Description: Obatala is the eldest of the Orishas, the owner of white cloth, the king of peace and logic. He encourages us to use diplomacy and reason when acting and is often the Orisha who mediates disputes between the other orishas. Obatalá is actually a androgynous Orisha where half of his avatars are male and the other half are female. It is therefore possible to have a female Obatalá like the road Obanlá in addition to male roads like Ayáguna. Obatalá’s shrine is placed higher than the other Orishas‘ shrines out of respect for his status as their elder. He is often depicted as an elderly black man with chalk white hair dressed in white robes.
Saint: Saint Catherine of Siena
Colors: Brown, opal and coral
Description: Obba is the Orisha of marriage and personal transformation. She was Shangó’s legitimate wife who was shunned after trying to ensnare Shangó with witchcraft. She fled to the cemetery and underwent a powerful transformational journey that made her come into her true power. She is depicted as a homely woman, missing her left ear, wearing a headwrap to cover her wound.
Orisha: Oyá (Yansa, Yansan)
Saint: Our Lady of Candelmas or Saint Theresa
Colors: Brown, dark red or multi-colors
Description: Oyá is a fierce female warrior and the Orisha of change. She took the secret of slinging lightning from Changó. She fights with machetes and scares away Ikú (death) with her horsetail fly whisk. She is the owner of the cemetery gates, but does not live in the cemetery contrary to common belief. She resides in the marketplace. She is depicted as a lithe powerful warrior woman wearing a skirt of nine different colors.
Orisha: Yeguá (Yewá)
Saint: Our Lady of Montserrat
Colors: Pink and burgundy
Number: 7 or 9
Description: Yeguá is Oduduwa’s special daughter who he was keeping as a symbol of purity and chastity. Unfortunately her purity was tainted when she was violated by Changó. She is the Orisha associated with death as she rules the decomposition of the body in the grave and the mysteries associated with the dying process. She is depicted as a mysterious woman, withdrawn from society residing in the bottom of a grave.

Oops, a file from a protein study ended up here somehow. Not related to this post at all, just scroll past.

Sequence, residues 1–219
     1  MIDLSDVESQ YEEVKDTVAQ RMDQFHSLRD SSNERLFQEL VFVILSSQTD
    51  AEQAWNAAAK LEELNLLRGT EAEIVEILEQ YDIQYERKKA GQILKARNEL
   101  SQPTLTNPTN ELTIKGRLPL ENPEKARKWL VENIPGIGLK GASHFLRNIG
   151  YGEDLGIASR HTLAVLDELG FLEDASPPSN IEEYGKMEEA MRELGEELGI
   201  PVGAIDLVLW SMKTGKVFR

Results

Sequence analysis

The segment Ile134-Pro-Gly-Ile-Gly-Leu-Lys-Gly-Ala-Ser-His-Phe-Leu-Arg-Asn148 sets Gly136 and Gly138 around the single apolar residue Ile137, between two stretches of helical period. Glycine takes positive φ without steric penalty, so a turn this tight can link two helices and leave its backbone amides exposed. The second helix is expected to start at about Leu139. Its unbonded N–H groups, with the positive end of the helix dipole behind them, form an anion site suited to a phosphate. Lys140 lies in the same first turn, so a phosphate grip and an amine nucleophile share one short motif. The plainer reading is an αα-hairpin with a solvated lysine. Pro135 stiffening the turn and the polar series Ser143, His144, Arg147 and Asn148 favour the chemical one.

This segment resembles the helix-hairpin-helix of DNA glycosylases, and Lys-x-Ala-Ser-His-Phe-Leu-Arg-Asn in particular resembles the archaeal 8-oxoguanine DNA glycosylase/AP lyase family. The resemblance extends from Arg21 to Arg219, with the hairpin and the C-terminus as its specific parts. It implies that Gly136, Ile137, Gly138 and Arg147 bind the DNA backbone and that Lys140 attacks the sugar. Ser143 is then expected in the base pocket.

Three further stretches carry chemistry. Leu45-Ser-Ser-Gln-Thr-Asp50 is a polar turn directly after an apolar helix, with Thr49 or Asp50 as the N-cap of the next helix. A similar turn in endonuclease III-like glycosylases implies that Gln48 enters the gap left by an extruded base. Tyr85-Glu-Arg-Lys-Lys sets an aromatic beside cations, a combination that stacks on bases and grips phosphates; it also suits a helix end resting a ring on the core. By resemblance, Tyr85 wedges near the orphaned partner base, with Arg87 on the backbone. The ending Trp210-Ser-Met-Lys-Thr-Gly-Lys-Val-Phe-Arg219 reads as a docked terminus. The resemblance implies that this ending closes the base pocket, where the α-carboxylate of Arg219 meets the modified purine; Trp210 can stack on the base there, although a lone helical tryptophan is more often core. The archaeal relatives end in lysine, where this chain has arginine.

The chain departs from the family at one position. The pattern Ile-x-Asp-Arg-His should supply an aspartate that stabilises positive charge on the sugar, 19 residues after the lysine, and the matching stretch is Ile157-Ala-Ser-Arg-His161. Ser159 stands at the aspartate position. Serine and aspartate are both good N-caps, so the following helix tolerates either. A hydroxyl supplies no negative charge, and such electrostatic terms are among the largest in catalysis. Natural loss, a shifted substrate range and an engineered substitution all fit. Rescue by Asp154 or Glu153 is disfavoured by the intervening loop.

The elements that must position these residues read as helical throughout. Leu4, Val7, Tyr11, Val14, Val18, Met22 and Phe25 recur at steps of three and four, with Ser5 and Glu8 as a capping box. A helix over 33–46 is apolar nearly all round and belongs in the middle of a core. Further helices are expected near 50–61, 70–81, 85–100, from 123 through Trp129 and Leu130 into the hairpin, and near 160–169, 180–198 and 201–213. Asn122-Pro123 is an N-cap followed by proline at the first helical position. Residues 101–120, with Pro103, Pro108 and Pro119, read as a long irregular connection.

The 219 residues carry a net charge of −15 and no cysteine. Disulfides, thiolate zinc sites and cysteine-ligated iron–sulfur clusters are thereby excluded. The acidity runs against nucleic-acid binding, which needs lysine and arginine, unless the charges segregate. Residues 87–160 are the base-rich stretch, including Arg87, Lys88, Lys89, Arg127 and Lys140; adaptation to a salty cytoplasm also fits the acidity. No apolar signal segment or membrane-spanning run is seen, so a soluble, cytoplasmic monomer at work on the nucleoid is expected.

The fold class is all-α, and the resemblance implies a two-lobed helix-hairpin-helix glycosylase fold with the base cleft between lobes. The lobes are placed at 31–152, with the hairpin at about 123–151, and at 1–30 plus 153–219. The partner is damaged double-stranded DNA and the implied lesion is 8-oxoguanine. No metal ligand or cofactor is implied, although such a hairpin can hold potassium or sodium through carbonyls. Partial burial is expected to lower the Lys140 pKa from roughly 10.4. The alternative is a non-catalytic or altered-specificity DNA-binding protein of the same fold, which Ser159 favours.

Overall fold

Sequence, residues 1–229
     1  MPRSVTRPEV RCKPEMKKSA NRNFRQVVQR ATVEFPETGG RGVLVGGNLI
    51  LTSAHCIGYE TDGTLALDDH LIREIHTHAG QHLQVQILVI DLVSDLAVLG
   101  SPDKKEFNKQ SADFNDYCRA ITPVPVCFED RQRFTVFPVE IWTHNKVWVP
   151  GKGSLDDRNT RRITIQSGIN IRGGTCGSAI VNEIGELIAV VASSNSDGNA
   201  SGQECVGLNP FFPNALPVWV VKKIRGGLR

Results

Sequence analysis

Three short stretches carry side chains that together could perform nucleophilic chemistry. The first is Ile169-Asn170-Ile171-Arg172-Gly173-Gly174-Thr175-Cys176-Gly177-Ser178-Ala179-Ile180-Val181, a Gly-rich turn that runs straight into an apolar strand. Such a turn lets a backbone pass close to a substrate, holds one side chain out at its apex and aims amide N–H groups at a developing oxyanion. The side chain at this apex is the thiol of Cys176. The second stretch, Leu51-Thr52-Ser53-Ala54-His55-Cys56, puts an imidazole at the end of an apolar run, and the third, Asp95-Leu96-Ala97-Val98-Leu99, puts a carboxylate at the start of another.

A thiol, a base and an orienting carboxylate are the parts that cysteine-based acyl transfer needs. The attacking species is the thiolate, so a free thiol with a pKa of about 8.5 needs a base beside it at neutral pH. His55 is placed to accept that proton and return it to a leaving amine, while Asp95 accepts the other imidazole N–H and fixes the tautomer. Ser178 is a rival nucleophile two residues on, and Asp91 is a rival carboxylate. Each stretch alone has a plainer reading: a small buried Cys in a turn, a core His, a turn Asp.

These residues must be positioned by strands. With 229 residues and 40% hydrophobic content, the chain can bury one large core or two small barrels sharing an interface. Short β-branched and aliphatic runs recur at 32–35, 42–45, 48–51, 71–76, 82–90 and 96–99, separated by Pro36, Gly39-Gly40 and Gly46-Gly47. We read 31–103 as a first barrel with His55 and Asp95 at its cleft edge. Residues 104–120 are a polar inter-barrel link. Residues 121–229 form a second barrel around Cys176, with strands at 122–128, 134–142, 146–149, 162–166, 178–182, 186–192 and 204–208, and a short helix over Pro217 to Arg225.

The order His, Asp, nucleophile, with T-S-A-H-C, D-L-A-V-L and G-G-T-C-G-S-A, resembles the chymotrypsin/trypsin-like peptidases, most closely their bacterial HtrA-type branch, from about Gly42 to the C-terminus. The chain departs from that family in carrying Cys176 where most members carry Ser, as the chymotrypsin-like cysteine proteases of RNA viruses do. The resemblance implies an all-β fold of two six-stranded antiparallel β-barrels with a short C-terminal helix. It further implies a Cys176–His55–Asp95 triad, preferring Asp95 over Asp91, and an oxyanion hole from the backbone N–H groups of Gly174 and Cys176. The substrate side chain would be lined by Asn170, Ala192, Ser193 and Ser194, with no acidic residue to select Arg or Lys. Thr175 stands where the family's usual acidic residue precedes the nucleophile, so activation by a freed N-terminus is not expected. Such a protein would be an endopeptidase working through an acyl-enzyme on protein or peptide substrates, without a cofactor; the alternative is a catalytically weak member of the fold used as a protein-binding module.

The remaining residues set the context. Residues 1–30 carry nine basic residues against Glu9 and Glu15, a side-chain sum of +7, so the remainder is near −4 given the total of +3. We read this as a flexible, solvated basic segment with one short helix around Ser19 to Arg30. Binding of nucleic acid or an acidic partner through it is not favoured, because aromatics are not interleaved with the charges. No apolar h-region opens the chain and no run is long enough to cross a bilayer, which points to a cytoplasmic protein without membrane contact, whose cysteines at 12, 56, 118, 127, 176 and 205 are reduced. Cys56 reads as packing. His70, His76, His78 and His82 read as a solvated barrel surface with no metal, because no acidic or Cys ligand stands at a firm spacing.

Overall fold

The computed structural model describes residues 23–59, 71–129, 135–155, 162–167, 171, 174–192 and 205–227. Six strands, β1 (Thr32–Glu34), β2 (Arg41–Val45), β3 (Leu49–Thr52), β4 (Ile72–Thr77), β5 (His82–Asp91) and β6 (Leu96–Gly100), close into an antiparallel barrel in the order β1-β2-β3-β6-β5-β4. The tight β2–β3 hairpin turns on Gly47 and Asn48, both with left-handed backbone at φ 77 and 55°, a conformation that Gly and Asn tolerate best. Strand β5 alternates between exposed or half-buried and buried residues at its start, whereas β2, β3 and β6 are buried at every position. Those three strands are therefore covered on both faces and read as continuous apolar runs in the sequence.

- Orisha: Aggayú (Agajú, Aganyu, Aggayu Sola)
Saint: Saint Christopher
Colors: Brown and opal
Description: Aggayú is Shangó’s father in Santería. Some godfamilies say he is Shangó’s younger brother, but they are related to one another in every instance. Aggayú is the orisha of the volcano and the ferryman who takes people back and forth across the river. Some lineages refer to him as the Orisha of the desert. His worship is closely aligned with that of Shangó. He is depicted as a stocky built man who walks with huge strides and carries a double headed axe with a curved double handle.
- Orisha: Ochún (Oshún)
Saint: Our Lady of Charity of Cobre
Colors: Yellow and amber
Description: Oshún is the Orisha of sweetness, love and beauty. She is the embodiment of feminine grace, and is a flirtatious coquette. She is a generous and loving mother, but she can also quickly turn bitter if she is wronged. Once she is soured, she is unforgiving and unbending. Oshún can accomplish miracles untold. She is the youngest of the orishas and is depicted as a flirtatious, mixed-race woman dressed in yellow, gazing in a mirror.
Orisha: Yemayá (Yemoja)
Saint: Our Lady of Regla
Colors: Blue and clear
Description: Yemayá is the mother of all living things, the queen of heaven, earth and all waters. She resides in the ocean and her children are countless like the fishes in the sea. Yemaya is the mother of many of the other Orishas as well. In addition to being a loving mother she is a fierce protectress. She can fight with a machete or a scimitar and bathe in the blood of her enemies. Yemaya is often depicted as a voluptuous black woman with full breasts dressed in blue.
Orisha: Shangó (Changó, Sango)
Saint: Saint Barbara
Colors: Red and white
Description: Shangó (Changó) is the king of the religion of Santería and was once the fourth king (Alafin) of the city of Oyó in Yoruba land before he was deified and became an Orisha. He is the Orisha of lightning, thunder and fire, the owner of the sacred batá drums, the power of passion and virility. Changó is a ladies’ man and a charmer. Changó is the master of dance, a fierce warrior and a powerful sorcerer who spits fire. He is depicted as a handsome, young man wearing a crown and carrying a double headed axe.
Orisha: Orunmila (Orunla, Orula)
Saint: Saint Francis of Assisi
Colors: Yellow and green (or brown and green)
Description: Orunmila is the Orisha of divination and the patron of the Ifá sect. He along with Elegguá witnessed all of destiny unfold and therefore can be consulted to know where a person’s fate is headed. He developed the oracles of Ifá: the ikines (palm nuts) and the okuele (diviner’s chain). His priests are known as Babalawos and function exclusively as diviners. They do not ordain people into the mysteries of orishas other than Orunmila. He is depicted as a wizened black man with graying hair, dressed in traditional African garb carrying his wooden diviner’s tray.